Senate Joint Resolution #2 in Delaware created legislation for the state’s assessment inventory. All assessments given to students are included in this, with the exception of final exams and end of unit tests. This includes the Smarter Balanced Assessment. At their Rep Assembly last weekend, a business item was introduced for the Delaware State Education Association (DSEA) to recommend eliminating the Smarter Balanced Assessment in Delaware. It was a unanimous vote.
Last Spring, when discussion on inclusion of the Smarter Balanced Assessment in the assessment inventory was discussed at a Senate Education Committee, then Education Policy Advisor for Governor Markell Lindsay O’Mara assured the large audience it would be. During the last assessment inventory meeting at the Delaware Department of Education, the Smarter Balanced Assessment was a large topic of discussion. State Rep. Sean Matthews argued the state does not provide any real identifiable data and takes away far too much classroom time.
While DSEA doesn’t have the final say on the assessment inventory, it is a very positive step that they would unanimously pass a recommendation based on the entire rep assembly at their event last weekend. I would love to see the test gone from all schools in Delaware, but I also fear for the future of standardized assessments.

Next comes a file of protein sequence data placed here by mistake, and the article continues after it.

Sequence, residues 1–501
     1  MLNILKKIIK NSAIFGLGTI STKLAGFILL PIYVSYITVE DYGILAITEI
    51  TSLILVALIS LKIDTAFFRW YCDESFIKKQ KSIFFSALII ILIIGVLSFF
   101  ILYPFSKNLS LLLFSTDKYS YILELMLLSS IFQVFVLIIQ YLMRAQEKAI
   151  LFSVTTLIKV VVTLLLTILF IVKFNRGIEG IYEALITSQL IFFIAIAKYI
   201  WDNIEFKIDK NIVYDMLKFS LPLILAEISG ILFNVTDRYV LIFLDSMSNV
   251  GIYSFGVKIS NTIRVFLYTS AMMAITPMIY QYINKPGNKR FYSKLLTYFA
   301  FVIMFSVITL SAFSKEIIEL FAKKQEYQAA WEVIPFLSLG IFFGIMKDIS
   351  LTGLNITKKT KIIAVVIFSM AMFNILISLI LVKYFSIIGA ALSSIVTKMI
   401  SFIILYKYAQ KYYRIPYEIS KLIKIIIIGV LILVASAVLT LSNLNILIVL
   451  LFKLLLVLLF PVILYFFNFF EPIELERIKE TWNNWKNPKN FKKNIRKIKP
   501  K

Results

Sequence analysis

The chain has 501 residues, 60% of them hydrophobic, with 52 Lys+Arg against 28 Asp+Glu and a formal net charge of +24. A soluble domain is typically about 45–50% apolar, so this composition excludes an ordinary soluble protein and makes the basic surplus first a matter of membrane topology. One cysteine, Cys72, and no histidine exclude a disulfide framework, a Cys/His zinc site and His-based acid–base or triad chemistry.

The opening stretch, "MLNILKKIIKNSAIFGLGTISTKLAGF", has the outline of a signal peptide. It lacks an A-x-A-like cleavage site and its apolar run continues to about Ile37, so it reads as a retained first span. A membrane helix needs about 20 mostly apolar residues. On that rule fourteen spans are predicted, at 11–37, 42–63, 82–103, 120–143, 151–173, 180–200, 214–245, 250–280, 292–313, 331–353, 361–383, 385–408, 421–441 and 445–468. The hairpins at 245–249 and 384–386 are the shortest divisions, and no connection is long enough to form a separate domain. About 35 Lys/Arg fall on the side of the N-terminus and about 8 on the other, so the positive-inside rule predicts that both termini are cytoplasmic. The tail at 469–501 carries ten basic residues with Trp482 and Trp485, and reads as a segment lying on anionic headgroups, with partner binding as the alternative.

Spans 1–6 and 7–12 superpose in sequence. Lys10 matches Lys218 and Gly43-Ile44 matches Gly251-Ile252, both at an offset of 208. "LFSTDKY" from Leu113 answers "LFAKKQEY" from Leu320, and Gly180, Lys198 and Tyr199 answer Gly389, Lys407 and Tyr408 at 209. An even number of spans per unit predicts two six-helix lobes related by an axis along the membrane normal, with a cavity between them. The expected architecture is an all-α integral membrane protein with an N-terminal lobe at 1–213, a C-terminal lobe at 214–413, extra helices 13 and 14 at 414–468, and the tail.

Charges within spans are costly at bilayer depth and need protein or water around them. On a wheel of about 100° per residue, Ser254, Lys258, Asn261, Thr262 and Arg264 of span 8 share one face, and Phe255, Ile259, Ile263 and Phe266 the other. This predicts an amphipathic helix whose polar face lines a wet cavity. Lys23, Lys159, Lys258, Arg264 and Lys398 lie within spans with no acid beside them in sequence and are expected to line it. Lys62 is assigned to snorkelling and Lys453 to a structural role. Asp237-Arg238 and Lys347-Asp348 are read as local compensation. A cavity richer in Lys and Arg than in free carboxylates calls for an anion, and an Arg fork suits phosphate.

With personalized learning invading our schools in mass quantity, the writing is on the wall for the future of assessments: much smaller standardized assessment chunks embedded into digital format through the modules for personalized learning. As the brilliant blogger EducationAlchemy pointed out in a recent post, what makes personalized learning so personalized if it is a student using a computer? It is all about the data. The predictive analysis algorithms built into the Schoology systems used in Delaware. That legislation to protect student data does not cover at all. All to determine career paths for children at a very young age and guide them toward that profession when they leave secondary education.
Our children are not test scores, and they certainly aren’t your data guinea pigs. The intrusion into children’s personal lives is at an all-time high. We must stop this and take back public education from the reformers who not only want to get very rich off children but also want to mold the future with people on pre-determined career paths.